Frequently Asked Questions (FAQ)
Generative artificial intelligence (AI) refers to a category of AI technology capable of generating new content by analyzing patterns and data gathered from extensive collections of sample materials. ChatGPT is a prominent example of such generative AI tools, which users engage with through a chat interface. Developed by OpenAI and launched on November 30, 2022, ChatGPT stands out for its capacity to allow users to shape and guide a conversation according to their preferred length, style, format, level of detail, and language.
Other AI-powered text generation tools include Google Bard, Bing Chat, and Claude. Moreover, various generative AI tools produce diverse types of outputs, including images (e.g., DALL-E or Midjourney), code (e.g., GitHub CoPilot), data analysis or visualization (e.g., ChatGPT Code Interpreter), or search engine results (e.g., Perplexity).
The flowchart devised by Aleksandr Tiulkanov (AI and Data Policy Lawyer, January 2023) provides a general guideline on the circumstances in which ChatGPT may be safe to use
These are only general considerations and instructors should have their own course policies and guidelines on the use of AI tools in classes.
Please refer to the statement on the landing page of the AI^2 website for the policy. This website is also to be a resource and guidance to help inform faculty on how they wish to employ or not, the use of AI tools in their classrooms.
Generative AI tools can produce responses to written assignments such as essays, problem sets, etc. We should assume that students are already proficient in these tools and have integrated them into their daily workflow.
This does mean, we need to re-think handing out assignments that are easily fed into AI tools and increase interactions with students on how they arrive at the solution and choices rather than reliant on the result.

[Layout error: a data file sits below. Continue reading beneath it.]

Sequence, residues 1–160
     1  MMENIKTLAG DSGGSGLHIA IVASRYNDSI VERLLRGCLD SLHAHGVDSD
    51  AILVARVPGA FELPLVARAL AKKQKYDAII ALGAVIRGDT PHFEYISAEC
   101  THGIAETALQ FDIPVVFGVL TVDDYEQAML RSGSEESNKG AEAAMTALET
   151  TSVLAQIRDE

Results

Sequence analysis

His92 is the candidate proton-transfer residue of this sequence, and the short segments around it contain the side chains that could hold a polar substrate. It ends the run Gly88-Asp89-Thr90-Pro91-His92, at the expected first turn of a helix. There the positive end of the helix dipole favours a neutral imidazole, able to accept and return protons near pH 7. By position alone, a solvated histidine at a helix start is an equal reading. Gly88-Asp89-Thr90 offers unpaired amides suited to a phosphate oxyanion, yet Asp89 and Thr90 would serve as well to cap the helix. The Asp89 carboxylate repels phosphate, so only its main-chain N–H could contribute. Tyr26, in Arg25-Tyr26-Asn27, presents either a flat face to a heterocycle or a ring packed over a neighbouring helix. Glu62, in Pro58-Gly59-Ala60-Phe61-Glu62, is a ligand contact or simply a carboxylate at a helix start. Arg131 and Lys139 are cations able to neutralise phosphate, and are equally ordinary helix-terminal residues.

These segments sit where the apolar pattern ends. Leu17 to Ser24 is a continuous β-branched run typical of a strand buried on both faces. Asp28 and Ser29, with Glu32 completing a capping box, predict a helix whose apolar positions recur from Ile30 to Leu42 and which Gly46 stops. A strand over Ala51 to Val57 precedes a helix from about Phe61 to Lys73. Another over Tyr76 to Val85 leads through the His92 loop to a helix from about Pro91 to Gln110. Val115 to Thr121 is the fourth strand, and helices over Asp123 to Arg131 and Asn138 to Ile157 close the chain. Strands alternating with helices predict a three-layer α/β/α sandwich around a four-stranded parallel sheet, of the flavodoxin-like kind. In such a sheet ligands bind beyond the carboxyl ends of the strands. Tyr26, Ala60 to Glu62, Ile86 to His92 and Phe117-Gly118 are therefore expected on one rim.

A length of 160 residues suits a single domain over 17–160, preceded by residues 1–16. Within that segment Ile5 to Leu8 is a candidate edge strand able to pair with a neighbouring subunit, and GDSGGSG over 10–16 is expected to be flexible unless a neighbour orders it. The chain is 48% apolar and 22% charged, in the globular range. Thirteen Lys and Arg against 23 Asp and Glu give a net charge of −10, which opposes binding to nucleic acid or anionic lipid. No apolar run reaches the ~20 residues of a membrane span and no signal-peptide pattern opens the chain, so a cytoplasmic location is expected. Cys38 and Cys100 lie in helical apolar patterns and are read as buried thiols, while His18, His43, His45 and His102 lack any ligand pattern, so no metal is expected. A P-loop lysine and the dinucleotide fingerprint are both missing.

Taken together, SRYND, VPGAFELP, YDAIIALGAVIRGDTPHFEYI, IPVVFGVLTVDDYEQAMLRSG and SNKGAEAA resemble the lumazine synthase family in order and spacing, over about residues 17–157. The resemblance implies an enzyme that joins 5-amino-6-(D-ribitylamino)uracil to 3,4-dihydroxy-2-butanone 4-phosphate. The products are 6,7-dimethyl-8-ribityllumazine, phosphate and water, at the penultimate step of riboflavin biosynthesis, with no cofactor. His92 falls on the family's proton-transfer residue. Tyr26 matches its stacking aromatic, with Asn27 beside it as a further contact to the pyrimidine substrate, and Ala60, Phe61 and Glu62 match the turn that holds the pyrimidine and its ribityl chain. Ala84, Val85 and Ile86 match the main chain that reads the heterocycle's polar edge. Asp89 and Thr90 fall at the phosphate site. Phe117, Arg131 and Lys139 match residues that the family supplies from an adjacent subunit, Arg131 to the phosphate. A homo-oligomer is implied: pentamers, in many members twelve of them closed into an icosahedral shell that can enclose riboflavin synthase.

This is dependent upon the faculty decision on how they wish to allow or not, the use of AI tools in their classroom. It would be beneficial to clarify in a class syllabus what the expectations are for the student’s submitted work. This will allow for clear transparency and expectations between faculty and students.
Using AI tools is akin to asking a knowledgeable friend for answers or guidance. The given answer or guidance will have increased accuracy as AI progresses and develops.
If a user is resourceful, there are too many methods of circumvention. There is no bullet proof method to prevent the use of AI tools in a classroom without severely affecting computing usage.
There isn’t a tool that will guarantee AI detection with 100% accuracy. We have compiled a list of AI detection tools that you can use (some are subscription based).
Some suggestions that can help you assess whether your student has submitted work that is AI generated:
- While tools like chatGPT will not generate the same result, it should be encouraged that you test your assignments against AI tools so that you have an understanding of the type of output they generated.
- Using 1-2 or more different AI detection tools may help with your assessment of the student’s work
- Engage the student’s work by having the student explain how they arrived at their answer or choice in producing the assignment.
Go to chat.OpenAi.com and register for free, for an account. You can find many quick-start guides online.
As with all internet based tools, there should be no expectation of privacy. Services like ChatGPT do collect personal information such as email address and a telephone number. Confidential information should not be uploaded to AI tools.
Link to OpenAI’s privacy & policy page: https://openai.com/policies/privacy-policy
It is strongly encouraged that all instructors clearly communicate to students their policies on this emerging matter in their course materials. Absent an explicit statement from a course instructor, use of or consultation with generative AI shall be treated analogously to assistance from another person (see a general perspective from the SoE).
Yes, sample syllabus statements are provided on our repository here, including both general and discipline-specific ones. We have statements for different usage scenarios of AI tools.
AI tools extract and generate unique content from internet sources. As such citing AI tools is different than traditional material. There are some recommendations from the American Psychological Association (APA), Modern Language Association (MLA) and the Chicago Manual of Style have all provided recommendations in this area.
Here are a few resources links to help. There are many emerging articles online to further your knowledge:
- Resources for exploring ChatGPT and higher education
- ChatGPT through an Education Lens
- ChatGPT & Education
- AI Text Generators and Teaching Writing: Starting Points for Inquiry
- AI Readings | Academic & Collaborative Technologies (ACT)Academic & Collaborative Technologies (ACT) (utoronto.ca)